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John D. Locatelli, Peter V. Hobbs, and Kumud R. Biswas


Cloud and precipitation processes in a stratocumulus cloud layer (∼1 km thick) were investigated by means of airborne, radar and ground observations for three situations: 1) the stratocumulus alone, 2) fallstreaks from altocumulus falling into the stratocumulus, 3) regions of stratocumulus not appreciably affected by fallstreaks but strongly affected by artificially seeded dry ice.

In case 1) the cloud was composed primarily of supercooled droplets. In cast 2) dendritic ice crystals in the fallstreaks increased their mass by riming as they passed through the stratocumulus; derived precipitation rates for this case were ∼0.02–0.08 mm h−1. In addition, it appeared that the dendrites provided a source for high concentrations of needle crystals in the stratocumulus; these crystals were estimated to give a precipitation rate of ∼0.01–0.03 mm h−1. In case 3) high concentrations of needle crystals were produced by the dry ice seeding and it was deduced that these also produced precipitation rates ∼0.01–0.03 mm h−1. Some implications of the results for areal artificial seeding experiments are discussed.

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Peter V. Hobbs, Nathan T. Funk, Richard R. Weiss Sr., John D. Locatelli, and Kumud R. Biswas


A 1960 35 GHz radar has been modernized through the use of solid state electronics, Dopplerization and improved data-display capabilities. Radars of this frequency are particularly useful for observing the internal structures of clouds and for detecting low concentrations of ice particles in the atmosphere.

The minimum effective radar reflectivity factor of a cloud of water drops that is measurable by this radar at a range of 1 km was estimated to be −36 ± 4 dBZ. Simultaneous airborne and radar measurements showed that the radar reflectivity factors for various water clouds determined from radar measurements were generally in good agreement with those derived from in situ measurements of the drop size spectra. These measurements also showed that the radar can detect clouds in which the diameters of the droplets do not exceed ∼27 μm provided there are sufficient concentrations of 10–15 μm diameter droplets. Clouds containing only 1 L−1 of 100 μm diameter ice crystals (corresponding to a mass concentration of ∼10−3 g m−3) are detectable by the radar.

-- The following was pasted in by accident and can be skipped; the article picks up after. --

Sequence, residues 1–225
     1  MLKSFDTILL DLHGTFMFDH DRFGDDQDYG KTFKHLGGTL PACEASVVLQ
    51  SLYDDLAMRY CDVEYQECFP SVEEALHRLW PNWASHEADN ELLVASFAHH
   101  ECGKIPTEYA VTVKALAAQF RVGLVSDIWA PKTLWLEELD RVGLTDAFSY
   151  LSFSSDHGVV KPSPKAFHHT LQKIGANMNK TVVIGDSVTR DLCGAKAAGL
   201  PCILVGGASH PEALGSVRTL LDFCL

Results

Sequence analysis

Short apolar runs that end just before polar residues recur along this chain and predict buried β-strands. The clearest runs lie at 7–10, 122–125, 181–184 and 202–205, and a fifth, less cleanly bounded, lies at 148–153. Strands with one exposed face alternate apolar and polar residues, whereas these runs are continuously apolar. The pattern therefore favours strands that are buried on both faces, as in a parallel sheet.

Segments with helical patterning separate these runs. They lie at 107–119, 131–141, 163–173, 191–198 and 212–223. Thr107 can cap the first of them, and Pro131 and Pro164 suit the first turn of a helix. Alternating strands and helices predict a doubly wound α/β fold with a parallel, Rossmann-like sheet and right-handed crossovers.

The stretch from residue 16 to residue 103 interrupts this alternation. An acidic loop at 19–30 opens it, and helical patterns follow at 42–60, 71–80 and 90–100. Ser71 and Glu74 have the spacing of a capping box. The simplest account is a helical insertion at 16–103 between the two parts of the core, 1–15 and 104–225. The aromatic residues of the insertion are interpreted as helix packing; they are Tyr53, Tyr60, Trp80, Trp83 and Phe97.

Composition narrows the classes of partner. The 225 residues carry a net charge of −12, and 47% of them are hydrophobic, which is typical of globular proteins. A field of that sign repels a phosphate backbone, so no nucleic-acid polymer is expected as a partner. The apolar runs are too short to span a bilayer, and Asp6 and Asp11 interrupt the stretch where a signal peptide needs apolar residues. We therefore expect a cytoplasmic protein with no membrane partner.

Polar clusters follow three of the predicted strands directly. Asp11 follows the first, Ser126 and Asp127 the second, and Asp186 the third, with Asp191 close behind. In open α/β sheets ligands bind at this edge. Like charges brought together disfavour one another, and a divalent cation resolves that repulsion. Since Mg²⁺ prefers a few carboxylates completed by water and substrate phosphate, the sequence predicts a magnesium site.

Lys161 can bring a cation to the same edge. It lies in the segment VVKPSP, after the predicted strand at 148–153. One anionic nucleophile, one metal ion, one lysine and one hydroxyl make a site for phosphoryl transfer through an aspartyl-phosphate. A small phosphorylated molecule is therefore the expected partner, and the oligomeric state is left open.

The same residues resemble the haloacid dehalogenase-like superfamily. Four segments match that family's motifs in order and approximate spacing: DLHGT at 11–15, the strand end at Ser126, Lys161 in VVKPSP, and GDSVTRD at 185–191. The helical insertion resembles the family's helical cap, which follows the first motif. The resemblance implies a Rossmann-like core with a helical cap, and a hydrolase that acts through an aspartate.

Due to its narrow beamwidth (0.26°), reflectivity measurements with the 35 GHz radar can reveal more detailed structural information on clouds and precipitation than more powerful 5.5 GHz radars.

The 35 GHz radar has been Dopplerized using a new magnetron phase correlation technique that allows detailed measurements to be obtained of the velocities of particles down to ∼25 cm s−1. Some examples are presented of measurements of the spectra of the vertical velocities of cloud particles using this technique.

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Robert A. Houze Jr., Peter V. Hobbs, Kumud R. Biswas, and William M. Davis


Mesoscale rainbands (5–50 km in average width and hundreds of kilometers in length) have been found in eleven extratropical cyclones. Six types of rainbands have been identified (warm frontal, warm sector, cold frontal–wide, cold frontal–narrow, wave-like, post-frontal). Comparison with extratropical cyclone data from various parts of the world indicates that these rainband types occur rather generally in midlatitude cyclones.

The rainbands examined in this study contained small-scale areas of especially concentrated rainfall. These small-scale elements were 10–500 km2 in area, occurred in concentrations of 1–3 per 1000 km2, and moved with the wind between 850 and 700 mb.

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